A new report issued today by the International Energy Agency (IEA) called for an end to investments in new fossil fuel supply projects and to sales of new internal combustion engine passenger cars by 2035. The IEA called their roadmap a viable pathway to building a global energy sector with net-zero emissions in 2050.
Climate pledges by governments to date – even if fully achieved – would fall well short of what is required to bring global energy-related carbon dioxide (CO2) emissions to net zero by 2050, according to the report, “Net Zero by 2050: a Roadmap for the Global Energy Sector.”
“Our roadmap shows the priority actions that are needed today to ensure the opportunity of net-zero emissions by 2050 – narrow but still achievable – is not lost. The scale and speed of the efforts demanded by this critical and formidable goal – our best chance of tackling climate change and limiting global warming to 1.5°C – make this perhaps the greatest challenge human kind has ever faced,” said Fatih Birol, IEA Executive Director.
The roadmap sets out more than 400 milestones to guide the global journey to net zero by 2050. These include, from today, no investment in new fossil fuel supply projects and no further final investment decisions for new unabated coal plants. By 2035, there are no sales of new internal combustion engine passenger cars, and by 2040, the global electricity sector has already reached net-zero emissions.
In the near term, the report describes a net-zero pathway that requires the immediate and massive deployment of all available clean and efficient energy technologies, combined with a major global push to accelerate innovation. The pathway calls for annual additions of solar PV to reach 630 gigawatts by 2030 and those of wind power to reach 390 gigawatts. Together, this is four times the record level set in 2020. For solar PV, it is equivalent to installing the world’s current largest solar park roughly every day. A major worldwide push to increase energy efficiency is also an essential part of these efforts, resulting in the global rate of energy efficiency improvements averaging 4% a year through 2030 – about three times the average over the past two decades.
Most of the global reductions in CO2 emissions between now and 2030 in the net-zero pathway come from technologies readily available today. But in 2050, almost half the reductions come from technologies that are currently only at the demonstration or prototype phase. This demands that governments quickly increase and reprioritize their spending on research and development – as well as on demonstrating and deploying clean energy technologies – putting them at the core of energy and climate policy. Progress in the areas of advanced batteries, electrolyzers for hydrogen, and direct air capture and storage can be particularly impactful.
Providing electricity to approximately 785 million people who have no access to it and clean cooking solutions to 2.6 billion people who lack them is a part of the net-zero pathway. This costs around $40 billion a year, equal to around 1% of average annual energy sector investment.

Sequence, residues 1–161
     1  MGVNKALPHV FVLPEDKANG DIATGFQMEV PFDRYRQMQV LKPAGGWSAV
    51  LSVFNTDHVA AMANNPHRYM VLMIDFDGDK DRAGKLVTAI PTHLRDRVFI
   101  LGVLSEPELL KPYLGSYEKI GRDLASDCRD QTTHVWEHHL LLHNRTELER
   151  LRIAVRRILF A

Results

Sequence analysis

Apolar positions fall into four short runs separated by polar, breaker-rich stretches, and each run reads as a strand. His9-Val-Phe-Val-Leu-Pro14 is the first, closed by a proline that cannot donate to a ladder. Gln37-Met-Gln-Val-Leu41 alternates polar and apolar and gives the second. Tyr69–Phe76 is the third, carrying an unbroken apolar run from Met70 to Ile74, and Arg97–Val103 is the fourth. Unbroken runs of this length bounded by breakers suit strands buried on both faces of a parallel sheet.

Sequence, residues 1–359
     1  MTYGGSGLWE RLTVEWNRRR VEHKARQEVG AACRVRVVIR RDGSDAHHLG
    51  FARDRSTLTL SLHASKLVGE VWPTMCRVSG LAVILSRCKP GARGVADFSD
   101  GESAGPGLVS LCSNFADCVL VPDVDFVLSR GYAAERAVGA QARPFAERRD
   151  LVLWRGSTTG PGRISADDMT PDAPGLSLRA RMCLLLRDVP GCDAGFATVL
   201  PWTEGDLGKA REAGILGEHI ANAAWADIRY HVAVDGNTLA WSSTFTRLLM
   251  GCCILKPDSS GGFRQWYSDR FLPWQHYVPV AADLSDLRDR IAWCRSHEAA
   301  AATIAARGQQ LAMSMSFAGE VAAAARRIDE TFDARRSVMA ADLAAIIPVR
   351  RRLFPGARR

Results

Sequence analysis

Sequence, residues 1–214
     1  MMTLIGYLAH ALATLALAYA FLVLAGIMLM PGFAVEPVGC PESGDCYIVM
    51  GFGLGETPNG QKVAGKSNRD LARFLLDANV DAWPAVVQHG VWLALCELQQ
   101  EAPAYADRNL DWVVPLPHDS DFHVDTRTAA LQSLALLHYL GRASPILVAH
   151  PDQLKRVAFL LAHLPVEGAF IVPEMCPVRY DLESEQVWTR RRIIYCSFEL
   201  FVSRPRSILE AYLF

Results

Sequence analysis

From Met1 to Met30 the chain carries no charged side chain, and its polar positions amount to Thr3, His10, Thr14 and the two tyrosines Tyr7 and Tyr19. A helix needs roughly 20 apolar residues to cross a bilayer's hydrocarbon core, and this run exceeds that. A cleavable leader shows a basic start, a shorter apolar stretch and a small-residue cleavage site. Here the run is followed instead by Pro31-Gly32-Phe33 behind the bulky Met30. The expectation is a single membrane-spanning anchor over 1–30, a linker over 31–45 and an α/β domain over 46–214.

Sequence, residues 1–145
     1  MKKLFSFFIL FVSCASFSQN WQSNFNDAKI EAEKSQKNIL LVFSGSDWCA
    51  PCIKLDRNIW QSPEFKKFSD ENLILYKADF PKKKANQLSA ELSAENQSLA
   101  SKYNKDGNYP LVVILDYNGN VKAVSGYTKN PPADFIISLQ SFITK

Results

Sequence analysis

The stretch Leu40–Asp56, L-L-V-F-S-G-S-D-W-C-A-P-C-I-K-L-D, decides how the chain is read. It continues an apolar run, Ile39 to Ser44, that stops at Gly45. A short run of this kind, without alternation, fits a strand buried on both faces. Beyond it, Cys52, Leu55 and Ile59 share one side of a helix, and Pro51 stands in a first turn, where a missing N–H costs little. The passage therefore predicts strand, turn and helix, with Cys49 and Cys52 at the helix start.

Total annual energy investment surges to US$5 trillion by 2030 in the net-zero pathway, adding an extra 0.4 percentage points a year to global GDP growth, based on a joint analysis with the International Monetary Fund. The organizations expect that the jump in private and government spending will create millions of jobs in clean energy, including energy efficiency, as well as in the engineering, manufacturing and construction industries. All of this puts global GDP 4% higher in 2030 than it would reach based on current trends.
By 2050, the IEA expects global energy demand to be around 8% smaller than today while serving an economy more than twice as big and a population with 2 billion more people. Almost 90% of electricity generation comes from renewable sources, with wind and solar PV together accounting for almost 70%. Most of the remainder comes from nuclear power. They expect fossil fuels will fall from almost four-fifths of total energy supply today to slightly over one-fifth. Fossil fuels that remain are used in goods where the carbon is embodied in the product, such as plastics, in facilities fitted with carbon capture, and in sectors where low-emissions technology options are scarce.
The IEA report is designed to inform the high-level negotiations that will take place at the 26th Conference of the Parties (COP26) of the United Nations Climate Change Framework Convention in Glasgow in November. It was requested as input to the negotiations by the UK government’s COP26 Presidency.
New energy security challenges will emerge on the way to net zero by 2050 while longstanding ones will remain, even as the role of oil and gas diminishes. The contraction of oil and natural gas production will have far-reaching implications for all the countries and companies that produce these fuels. No new oil and natural gas fields are needed in the net-zero pathway, and supplies will become increasingly concentrated in a small number of low-cost producers. OPEC’s share of a much-reduced global oil supply grows from around 37% in recent years to 52% in 2050, a level higher than at any point in the history of oil markets.
Growing energy security challenges that result from the increasing importance of electricity include the variability of supply from some renewables and cybersecurity risks. In addition, the rising dependence on critical minerals required for key clean energy technologies and infrastructure brings risks of price volatility and supply disruptions that could hinder the transition.
Click here to access the full report on the IEA’s website.